Qualifying kinship: how do UK gamete donors negotiate identity-release donation?
Gilman, Leah Isabelle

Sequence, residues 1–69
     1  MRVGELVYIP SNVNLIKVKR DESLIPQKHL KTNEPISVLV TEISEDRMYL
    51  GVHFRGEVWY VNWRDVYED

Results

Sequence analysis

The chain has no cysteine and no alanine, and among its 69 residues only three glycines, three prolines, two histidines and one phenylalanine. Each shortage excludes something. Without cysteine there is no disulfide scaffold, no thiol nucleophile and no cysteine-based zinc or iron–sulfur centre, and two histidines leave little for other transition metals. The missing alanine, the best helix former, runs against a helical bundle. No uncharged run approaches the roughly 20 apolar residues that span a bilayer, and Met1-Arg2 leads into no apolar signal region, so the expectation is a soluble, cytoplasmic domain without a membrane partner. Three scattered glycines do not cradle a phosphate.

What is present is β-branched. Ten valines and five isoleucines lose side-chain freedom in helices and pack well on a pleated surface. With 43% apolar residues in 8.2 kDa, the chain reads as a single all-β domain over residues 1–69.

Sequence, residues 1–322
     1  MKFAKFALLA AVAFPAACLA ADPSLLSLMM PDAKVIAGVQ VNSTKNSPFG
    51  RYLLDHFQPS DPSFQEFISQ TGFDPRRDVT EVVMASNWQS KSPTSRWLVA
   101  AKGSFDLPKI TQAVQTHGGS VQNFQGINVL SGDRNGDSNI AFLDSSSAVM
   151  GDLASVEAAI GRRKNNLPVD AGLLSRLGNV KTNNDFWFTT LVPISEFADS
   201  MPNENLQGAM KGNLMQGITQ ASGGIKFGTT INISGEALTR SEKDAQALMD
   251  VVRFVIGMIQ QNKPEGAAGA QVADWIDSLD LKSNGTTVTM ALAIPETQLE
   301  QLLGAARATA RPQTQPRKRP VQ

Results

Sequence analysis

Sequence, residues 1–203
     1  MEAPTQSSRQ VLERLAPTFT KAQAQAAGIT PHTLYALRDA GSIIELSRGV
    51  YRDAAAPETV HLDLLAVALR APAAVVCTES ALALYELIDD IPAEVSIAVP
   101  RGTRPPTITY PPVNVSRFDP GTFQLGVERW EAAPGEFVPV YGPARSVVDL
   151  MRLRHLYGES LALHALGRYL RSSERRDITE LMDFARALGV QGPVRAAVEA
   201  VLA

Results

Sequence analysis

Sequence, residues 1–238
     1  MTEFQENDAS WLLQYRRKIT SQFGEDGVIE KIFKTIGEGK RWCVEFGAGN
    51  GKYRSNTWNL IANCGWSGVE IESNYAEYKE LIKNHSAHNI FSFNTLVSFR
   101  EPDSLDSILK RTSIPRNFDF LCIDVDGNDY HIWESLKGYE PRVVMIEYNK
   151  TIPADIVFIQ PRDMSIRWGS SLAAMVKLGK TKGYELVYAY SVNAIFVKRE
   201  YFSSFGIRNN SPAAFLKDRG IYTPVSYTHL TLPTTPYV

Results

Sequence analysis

With effect from 1st April 2005, UK law was amended such that gamete donors must now consent to their identity being released to their donor offspring, should they request it after the age of eighteen. This qualitative study investigates the views and experiences of those donating in this new context. Drawing primarily on twenty-four in-depth interviews with donors, supplemented by twenty staff interviews and observation in two fertility clinics, I examine how donors make sense of their role in relation to offspring, recipients and the wider community. I argue that donors make sense of their role as “biological” parents to offspring through creative reference to kinship repertoires, drawing on their own experiences of “doing family.” However, crucially, kinship connections are always qualified in some way to show that they are not quite family to donor offspring, and certainly not their “real” parent. Often this discursive work involved emphasising their relationship to recipients or the wider community (rather than offspring), framing the donation as a gift or a public act. In addition, donors drew on their kinship expertise to dilute, reshape or “re-route” their connection to offspring. Ultimately, this is a thesis about the limiting work involved in “doing kinship.” I demonstrate that donors did this limiting work in highly creative ways, not restricted to forgetting or ignoring connections. Instead, I show that not constructing kinship claims can be as active a process as making them.